Discussing race and class with regards to Caribbean feminism can be tricky. The mythology of our islands being a racial “melting pot” has led to many people wrongly believing that we have no issues of race and class or that these issues are irrelevant to feminism. The fact that there are many wealthy black people in the Caribbean has confused people.
Despite the fact that there are wealthy black people and despite the fact that there are many black women, issues of race and class are still of utmost importance to women’s issues. When thinking about race and class, we need to focus on systems of oppression, not our individual, anecdotal beliefs (many of which are informed by misinformation by international mainstream media).
Ironically on the day I’ve chosen to write this post, my iron levels feel low and I’m overall exhausted and experiencing chronic pain. But I’ve decided to try to push through and even if I keep this short and sweet, hopefully, I would have given you something to think about.
Empowerment is one of those subjects for feminists that sounds like a good idea in theory and of course since the entire focus is on feeling good/strong, it can be a compelling “focus” for feminists. Caribbean feminists, however, should be focused on anything but empowerment. Empowerment is a feeling, an idea, a notion. Empowerment is nothing concrete and tends not to have any real long-term measurable impact.
In the Caribbean, there’s a strong sense that feminism and LGBT liberation are two separate issues. However, I worry that this separation is less for practical reasons such as different needs from society and the community. I suspect a large portion of the separation between Caribbean feminists and the LGBT community is flat out homophobia.
Think I’m wrong?
Hear me out…
My new commitment to blogging daily has kicked off and today I wanted to start with Men’s Issues Mondays. “Well Eriche, that’s a weird way to start off a week of feminist blogging,” you might say. And I agree. I wish it weren’t this way, but I didn’t choose “Men” and “Monday” to both start with the letter “M”, so here we are.
As promised, I’ll be trying to stick to different themes on each day and I will try to keep up daily short posts as long as humanly possible. This should be a fun challenge!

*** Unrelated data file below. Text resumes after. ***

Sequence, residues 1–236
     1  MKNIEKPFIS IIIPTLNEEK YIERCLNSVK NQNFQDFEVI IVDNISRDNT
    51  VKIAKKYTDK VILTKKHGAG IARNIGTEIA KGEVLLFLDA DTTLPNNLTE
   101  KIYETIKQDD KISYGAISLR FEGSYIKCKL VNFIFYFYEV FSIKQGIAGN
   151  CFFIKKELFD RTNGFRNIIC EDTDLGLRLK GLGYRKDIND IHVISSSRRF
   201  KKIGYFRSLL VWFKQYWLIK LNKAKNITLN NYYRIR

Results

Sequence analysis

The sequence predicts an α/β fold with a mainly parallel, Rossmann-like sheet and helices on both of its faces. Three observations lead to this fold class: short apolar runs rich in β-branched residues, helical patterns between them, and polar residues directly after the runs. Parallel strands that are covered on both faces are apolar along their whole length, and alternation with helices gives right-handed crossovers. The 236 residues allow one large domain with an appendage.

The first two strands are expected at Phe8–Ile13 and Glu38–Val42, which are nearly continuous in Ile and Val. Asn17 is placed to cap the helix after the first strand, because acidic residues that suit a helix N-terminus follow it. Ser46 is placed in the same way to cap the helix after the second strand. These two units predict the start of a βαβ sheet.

So, here are my themes:
- Men’s Issues Monday
- LGBT Tuesday
- Women’s Wednesday
- Ableism & Feminism Thursday
- Race & Class Friday
These may not make a lot of sense to you, but they make sense to me and help me to categorize my thinking so that I can write something that’s clear, concise and interesting to you. So this has been a long preamble before the actual topic of this post which is…
This usually happens to me. After maintaining this blog diligently for months at a time, I inevitably slack off and forget to post on here. I’ve been working hard at my small business recently and I’ve also started a YouTube channel and picked up photography as a hobby. This keeps me busy. All. The. Time. In between juggling all of that, I somehow manage to maintain a near spotless house and spend tons of time reading or perusing home design on Pinterest.
In reading a book on home design, I came across tips for maintaining a blog that of course led me to think about my poor neglected blog over here. I’ve come to the conclusion that I may have limited my scope too much here and that it’s time for me to expand what subjects I write about. As with everything, consistency over time is of critical importance. But consistency on this blog isn’t all that’s important to me.
Recently, I’ve been going to Mango Moon (Vigie) on and off, but I’ve also been a member of Fitness Freaks (for a time). The more time I spend in these male-dominated spaces, the more I’ve developed a case for a women’s only gym that doesn’t just have treadmills and ellipticals.
This hasn’t just been my experience; the experience of discomfort in male-dominated spaces in Saint Lucia has been echoed by other Saint Lucian women.
The issue with gyms being a non-explicit male dominated space is there may be the false assumption that men and women are both equally welcome in workout spaces when this just isn’t the case.